Understanding Credit Scoring

Written By: Glenn Michaels, Op-Ed Writer

What is a Credit Score?

A credit score is a complex mathematical number generated that represents your estimated measure of credit risk. Typically, the higher the credit score, the less risk is associated with the debtor. Credit scores take into account numerous factors in your credit history and are generated at the time a creditor requests a credit report for a debtor. All creditors review the credit score along with the credit history. The credit score changes as the credit history changes. If new accounts are added, accounts are paid or paid off, collections and public records can make the credit score change. Every debtor’s credit score is very important because it determines the financial future of a debtor. The credit score is often used by a creditor to determine if a debtor qualifies for a credit card or a loan. Very often the credit score helps to determine if the debtor can obtain credit and how much.

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Why and how is a credit score used?

Most companies use the credit score to approve and to determine the interest rate to offer a debtor a credit card or loan. The higher the credit score the lower the interest rate. If the credit score is low either credit will be denied or the interest rate offered will be higher. A good credit score can save a debtor a lot of money due to more favorable terms. Most creditors look at the credit score as a measure of how likely the payments will be paid on time. Credit scores help creditors assess risk because they are consistent and objective so all consumers within credit score ranges will get the same offer.

Before credit scores a creditor might have denied based on subjective judgment by an underwriter. It was not consistent because human judgment was prone to mistakes and could be bias. Lenders used underwriters to make a decision about an applicant that may have little or no bearing on the applicant’s ability to repay the debt. Now all consumers benefit from the credit score system. No matter who a person is their credit score reflects their likelihood to repay a debt responsibly based on the past credit history and current credit status.

Who uses credit scores and how are they used?

Most banks, credit card issuers, auto lenders and retail stores use credit scores to quickly summarize a consumer’s credit to decide to issue credit or to approve a loan. The system saves the need to manually underwrite or review an applicant’s credit report to approve or deny the application. This also provides a faster and more predictable credit decision. There are many additional factors used in determining the issuance of credit. The creditors take into consideration the applicant’s income and the applicant’s ability to repay the credit being offered.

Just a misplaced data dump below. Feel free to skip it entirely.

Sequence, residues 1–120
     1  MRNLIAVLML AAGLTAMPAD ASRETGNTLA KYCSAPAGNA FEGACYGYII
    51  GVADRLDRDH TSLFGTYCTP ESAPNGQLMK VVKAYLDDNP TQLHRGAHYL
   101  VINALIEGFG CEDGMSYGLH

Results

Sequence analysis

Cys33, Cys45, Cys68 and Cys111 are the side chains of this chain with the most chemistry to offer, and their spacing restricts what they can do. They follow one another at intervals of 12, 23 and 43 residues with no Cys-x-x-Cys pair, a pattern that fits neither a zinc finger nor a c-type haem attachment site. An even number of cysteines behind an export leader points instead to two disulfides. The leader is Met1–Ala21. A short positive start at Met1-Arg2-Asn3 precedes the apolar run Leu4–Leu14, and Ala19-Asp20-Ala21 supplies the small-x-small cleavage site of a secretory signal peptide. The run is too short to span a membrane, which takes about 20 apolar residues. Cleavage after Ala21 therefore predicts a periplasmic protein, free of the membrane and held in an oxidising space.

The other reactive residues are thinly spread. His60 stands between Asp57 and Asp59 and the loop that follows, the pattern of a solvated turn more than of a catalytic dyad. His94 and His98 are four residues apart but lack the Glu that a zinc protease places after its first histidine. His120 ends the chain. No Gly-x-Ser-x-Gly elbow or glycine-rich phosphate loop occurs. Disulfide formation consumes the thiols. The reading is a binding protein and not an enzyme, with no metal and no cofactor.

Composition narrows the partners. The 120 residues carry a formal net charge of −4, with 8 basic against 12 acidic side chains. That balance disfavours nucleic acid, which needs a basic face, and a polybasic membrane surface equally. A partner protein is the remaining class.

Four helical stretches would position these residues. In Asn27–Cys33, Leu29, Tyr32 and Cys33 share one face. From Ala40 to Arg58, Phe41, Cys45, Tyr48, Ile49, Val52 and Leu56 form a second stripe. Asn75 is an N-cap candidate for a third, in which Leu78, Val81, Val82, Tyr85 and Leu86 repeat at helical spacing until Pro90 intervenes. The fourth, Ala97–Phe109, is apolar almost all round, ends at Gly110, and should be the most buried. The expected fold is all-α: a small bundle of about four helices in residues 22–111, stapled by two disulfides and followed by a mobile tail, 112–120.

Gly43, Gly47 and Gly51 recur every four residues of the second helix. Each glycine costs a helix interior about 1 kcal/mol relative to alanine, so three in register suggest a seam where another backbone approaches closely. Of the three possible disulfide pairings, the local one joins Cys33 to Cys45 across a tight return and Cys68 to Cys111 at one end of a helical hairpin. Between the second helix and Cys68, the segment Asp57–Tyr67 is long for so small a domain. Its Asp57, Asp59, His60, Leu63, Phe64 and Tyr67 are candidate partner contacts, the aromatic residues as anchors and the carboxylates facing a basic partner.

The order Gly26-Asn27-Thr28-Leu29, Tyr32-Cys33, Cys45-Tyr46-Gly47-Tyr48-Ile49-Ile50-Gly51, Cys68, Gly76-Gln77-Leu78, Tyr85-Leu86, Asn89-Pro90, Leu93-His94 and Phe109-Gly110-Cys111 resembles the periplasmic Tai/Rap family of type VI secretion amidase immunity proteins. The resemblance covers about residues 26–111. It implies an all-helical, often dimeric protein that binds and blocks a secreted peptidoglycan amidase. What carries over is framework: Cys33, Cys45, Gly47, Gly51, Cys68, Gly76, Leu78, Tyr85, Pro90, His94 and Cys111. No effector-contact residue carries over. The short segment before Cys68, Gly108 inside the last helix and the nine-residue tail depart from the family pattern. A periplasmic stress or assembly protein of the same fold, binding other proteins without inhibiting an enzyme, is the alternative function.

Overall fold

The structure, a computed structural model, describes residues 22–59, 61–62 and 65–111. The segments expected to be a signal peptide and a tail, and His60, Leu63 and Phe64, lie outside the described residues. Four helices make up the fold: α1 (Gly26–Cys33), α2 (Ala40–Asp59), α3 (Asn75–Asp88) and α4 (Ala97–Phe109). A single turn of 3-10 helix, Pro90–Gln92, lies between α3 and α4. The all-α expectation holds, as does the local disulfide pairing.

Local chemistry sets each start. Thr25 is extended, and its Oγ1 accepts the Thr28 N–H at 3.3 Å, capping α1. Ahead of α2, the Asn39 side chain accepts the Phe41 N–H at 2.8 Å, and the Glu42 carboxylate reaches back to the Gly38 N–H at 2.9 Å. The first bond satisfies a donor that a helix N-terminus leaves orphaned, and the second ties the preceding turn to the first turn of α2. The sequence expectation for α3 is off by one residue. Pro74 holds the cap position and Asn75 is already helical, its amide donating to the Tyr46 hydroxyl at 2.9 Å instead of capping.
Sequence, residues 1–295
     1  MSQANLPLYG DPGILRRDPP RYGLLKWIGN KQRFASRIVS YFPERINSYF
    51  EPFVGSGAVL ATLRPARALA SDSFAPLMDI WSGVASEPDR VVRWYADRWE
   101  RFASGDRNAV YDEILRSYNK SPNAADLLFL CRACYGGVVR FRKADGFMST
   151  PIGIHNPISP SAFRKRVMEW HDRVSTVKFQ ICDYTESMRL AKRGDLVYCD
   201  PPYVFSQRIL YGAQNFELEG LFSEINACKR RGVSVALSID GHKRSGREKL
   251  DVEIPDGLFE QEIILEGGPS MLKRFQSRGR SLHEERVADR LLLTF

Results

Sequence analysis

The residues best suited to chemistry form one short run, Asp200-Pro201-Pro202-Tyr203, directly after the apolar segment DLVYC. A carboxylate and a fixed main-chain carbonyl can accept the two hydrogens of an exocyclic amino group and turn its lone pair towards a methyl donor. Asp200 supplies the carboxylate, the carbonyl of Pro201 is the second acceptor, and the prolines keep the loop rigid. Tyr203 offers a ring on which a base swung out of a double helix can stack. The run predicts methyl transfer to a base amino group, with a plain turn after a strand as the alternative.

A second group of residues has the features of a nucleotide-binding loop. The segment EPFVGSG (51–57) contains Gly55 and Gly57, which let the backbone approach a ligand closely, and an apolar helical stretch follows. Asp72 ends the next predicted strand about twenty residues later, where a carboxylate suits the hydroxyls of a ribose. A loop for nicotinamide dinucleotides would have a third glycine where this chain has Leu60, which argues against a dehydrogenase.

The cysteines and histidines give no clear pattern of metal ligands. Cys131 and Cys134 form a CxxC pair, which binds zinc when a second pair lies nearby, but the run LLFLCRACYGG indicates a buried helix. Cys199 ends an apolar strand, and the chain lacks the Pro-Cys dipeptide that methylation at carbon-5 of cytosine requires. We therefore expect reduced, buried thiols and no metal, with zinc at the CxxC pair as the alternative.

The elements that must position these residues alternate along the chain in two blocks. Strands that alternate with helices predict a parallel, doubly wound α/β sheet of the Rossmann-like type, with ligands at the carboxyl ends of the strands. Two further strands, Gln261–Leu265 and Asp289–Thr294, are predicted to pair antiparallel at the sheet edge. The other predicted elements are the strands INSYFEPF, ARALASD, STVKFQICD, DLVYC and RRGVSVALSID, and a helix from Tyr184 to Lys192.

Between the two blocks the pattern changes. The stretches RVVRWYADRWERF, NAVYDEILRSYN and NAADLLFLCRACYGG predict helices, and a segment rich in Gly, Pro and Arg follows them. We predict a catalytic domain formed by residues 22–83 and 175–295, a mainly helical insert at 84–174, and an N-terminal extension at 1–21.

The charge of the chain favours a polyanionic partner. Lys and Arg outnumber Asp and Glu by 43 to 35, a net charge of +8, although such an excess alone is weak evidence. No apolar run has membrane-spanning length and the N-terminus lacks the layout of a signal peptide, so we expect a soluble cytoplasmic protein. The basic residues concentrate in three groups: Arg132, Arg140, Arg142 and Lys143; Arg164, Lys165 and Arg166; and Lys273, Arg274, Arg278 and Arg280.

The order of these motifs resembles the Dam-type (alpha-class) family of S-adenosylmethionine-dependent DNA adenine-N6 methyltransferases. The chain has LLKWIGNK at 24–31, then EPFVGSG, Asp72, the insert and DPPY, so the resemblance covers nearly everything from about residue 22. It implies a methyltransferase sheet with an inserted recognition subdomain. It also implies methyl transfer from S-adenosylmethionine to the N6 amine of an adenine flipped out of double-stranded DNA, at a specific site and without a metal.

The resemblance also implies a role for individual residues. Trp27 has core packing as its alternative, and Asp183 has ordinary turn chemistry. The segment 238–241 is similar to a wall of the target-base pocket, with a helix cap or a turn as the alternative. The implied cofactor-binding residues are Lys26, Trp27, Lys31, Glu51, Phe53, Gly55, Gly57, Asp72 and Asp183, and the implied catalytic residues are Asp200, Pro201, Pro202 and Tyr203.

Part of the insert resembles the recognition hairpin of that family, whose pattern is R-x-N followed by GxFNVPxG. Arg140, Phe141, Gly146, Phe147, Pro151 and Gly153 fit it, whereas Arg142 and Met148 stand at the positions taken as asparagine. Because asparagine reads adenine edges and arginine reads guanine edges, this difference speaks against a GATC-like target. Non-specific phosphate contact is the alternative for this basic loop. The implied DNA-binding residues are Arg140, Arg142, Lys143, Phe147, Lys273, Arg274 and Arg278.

What impacts the credit score?

The following information is the factors that impacts a person’s credit score and vary depending on the information used by each credit bureau to determine the credit score.

Credit type, number of accounts and age of the accounts, total amount of debt on the credit report, Amount of credit balances to credit limits issued, amount of credit accounts that are in good standing, number of late payments and severity of late payments, number of recent credit inquiries.

Credit scores range from the low of 350 to the high of 850. The higher the credit score number represents the consumer’s ability to repay the credit issued or applied for.

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How does a credit score affect a consumer?

Low credit scores very often result in credit denials or unfavorable credit terms. A high credit score normally results in more credit application approvals with more favorable terms. It is important to know approximately what your credit score is. Credit score can and will change week to week.

About The Author

Glenn Michaels - As an op-ed writer, Glenn Michaels is a mortgage underwriting instructor for CampusUnderwriter (www.MortgageUnderwriter.org). As a BBA & FHA DE Underwriter, Glenn is a Pace University graduate who also graduated from New York University’s School of Mortgage Finance. Glenn has conducted numerous training classes and has worked in the mortgage banking industry for 38 years. 

Opinion-Editorial (Op-Ed) Disclaimer For NAMU® Library Articles: The views and opinions expressed in the NAMU® Library articles are those of the authors and do not necessarily reflect any official NAMU® policy or position. Examples of analysis performed within this article are only examples. They should not be utilized in real-world application as they are based only on very limited and dated open source information. Assumptions made within the analysis are not reflective of the position of NAMU®. Nothing contained in this articles should be considered legal advice.